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  1. #11
    David A. Goldfarb's Avatar
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    I think Cokin sells some sort of clear filter for precisely this sort of thing. Maybe Roscoe has some kind of clear acetate that would work and without introducing optical problems, and shouldn't be too expensive in large sheets.

    Another option is to use a matte box or compendium shade with a holder for masks on the front standard. These used to be popular for hokey vignettes and such, but can be used for custom masks cut from black paper or plastic sheet. You can feather the edge of the cut to blend it. If you hunt around on eBay, you can find the Ambico Shade+ fairly cheaply, if you don't want to spring for a Lee system or something fancier, but be sure it comes with adapter rings (or at least one large enough to use with step-up rings on your system), and note that the adapter rings for the Ambico 3x3" filter holder are different from the rings for the Shade+ (which also holds 3x3" filters on the rear standard, as well as masks on the front standard). The Shade+ comes in both a square and rectangular format versions.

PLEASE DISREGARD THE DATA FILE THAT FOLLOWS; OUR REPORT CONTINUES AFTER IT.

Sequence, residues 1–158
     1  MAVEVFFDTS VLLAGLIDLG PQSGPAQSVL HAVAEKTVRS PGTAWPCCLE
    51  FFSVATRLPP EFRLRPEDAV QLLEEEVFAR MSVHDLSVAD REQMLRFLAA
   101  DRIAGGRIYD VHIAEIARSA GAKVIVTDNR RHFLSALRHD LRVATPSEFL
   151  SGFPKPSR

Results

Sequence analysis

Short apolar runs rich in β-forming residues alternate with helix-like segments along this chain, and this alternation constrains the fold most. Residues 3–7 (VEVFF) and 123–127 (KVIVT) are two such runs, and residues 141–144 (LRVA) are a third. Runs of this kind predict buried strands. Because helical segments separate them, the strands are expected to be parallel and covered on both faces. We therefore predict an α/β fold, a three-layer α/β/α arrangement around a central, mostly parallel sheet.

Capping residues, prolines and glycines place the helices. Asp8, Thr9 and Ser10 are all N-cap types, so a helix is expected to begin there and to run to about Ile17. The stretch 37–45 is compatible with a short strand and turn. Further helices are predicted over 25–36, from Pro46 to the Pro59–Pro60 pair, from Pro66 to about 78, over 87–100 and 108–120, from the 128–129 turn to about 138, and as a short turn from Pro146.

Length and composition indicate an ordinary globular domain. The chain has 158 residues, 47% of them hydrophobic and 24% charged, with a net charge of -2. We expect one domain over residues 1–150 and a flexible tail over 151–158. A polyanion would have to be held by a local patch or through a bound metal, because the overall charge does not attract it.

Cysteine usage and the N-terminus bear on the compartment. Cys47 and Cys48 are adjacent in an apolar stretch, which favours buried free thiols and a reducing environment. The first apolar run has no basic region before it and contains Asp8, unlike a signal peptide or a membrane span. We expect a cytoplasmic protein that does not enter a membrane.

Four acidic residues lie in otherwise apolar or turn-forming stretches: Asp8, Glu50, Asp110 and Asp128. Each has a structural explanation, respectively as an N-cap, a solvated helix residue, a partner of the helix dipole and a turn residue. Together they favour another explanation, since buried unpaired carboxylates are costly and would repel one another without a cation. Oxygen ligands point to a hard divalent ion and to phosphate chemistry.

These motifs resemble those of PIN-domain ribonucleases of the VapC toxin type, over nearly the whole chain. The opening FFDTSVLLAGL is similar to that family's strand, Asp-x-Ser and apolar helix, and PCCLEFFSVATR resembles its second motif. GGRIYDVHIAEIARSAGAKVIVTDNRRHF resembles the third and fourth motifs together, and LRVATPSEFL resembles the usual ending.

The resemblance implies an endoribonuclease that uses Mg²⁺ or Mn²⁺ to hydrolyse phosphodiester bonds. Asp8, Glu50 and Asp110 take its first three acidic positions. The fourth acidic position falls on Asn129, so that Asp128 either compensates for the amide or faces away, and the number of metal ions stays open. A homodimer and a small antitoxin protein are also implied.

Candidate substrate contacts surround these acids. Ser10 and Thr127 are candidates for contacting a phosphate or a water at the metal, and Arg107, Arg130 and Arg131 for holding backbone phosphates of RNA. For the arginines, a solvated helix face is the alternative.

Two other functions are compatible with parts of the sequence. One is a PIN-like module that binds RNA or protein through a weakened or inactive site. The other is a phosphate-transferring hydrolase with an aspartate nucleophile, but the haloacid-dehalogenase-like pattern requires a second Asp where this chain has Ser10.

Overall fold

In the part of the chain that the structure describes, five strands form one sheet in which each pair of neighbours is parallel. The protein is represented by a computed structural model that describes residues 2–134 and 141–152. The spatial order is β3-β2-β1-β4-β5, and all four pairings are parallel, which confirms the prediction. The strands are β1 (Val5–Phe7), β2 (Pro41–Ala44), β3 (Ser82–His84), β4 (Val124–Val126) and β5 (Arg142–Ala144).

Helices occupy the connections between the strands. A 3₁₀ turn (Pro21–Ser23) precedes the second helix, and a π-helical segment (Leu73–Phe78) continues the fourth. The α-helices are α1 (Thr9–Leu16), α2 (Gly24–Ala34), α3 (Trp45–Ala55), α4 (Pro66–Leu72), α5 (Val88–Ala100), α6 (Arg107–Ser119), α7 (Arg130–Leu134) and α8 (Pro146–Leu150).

flickr--http://www.flickr.com/photos/davidagoldfarb/
    Photography (not as up to date as the flickr site)--http://www.davidagoldfarb.com/photo
    Academic (Slavic and Comparative Literature)--http://www.davidagoldfarb.com

  2. #12

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    " You can feather the edge of the cut to blend it."

    David,

    How would you suggest to feather the edge? My process is to take the contour marked on the plexi-glass and cut a cardboard mask that will fit in my Cokin holder. Then carefully line up the edge of the mask while looking through the stoped down lens. I then make my two exposures on the same frame. Feathering the edge would make lining up things a little less critical. As it is now the process makes the ultimate hard edge, and allignment has to be bang on.

    Any suggestions would be appreciated.
    Thanks
    Push your limits regularly!

  3. #13
    David A. Goldfarb's Avatar
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    The old vignette masks achieved this feathering just by cutting a jagged, toothed, edge instead of a smooth line, and since the mask is close to the lens and way outside the DOF range, it produced a softer effect. There are scissors available in craft shops that cut various kinds of jagged, deckeled, or toothed edges, so maybe there is one that might work well for this purpose.
    flickr--http://www.flickr.com/photos/davidagoldfarb/
    Photography (not as up to date as the flickr site)--http://www.davidagoldfarb.com/photo
    Academic (Slavic and Comparative Literature)--http://www.davidagoldfarb.com

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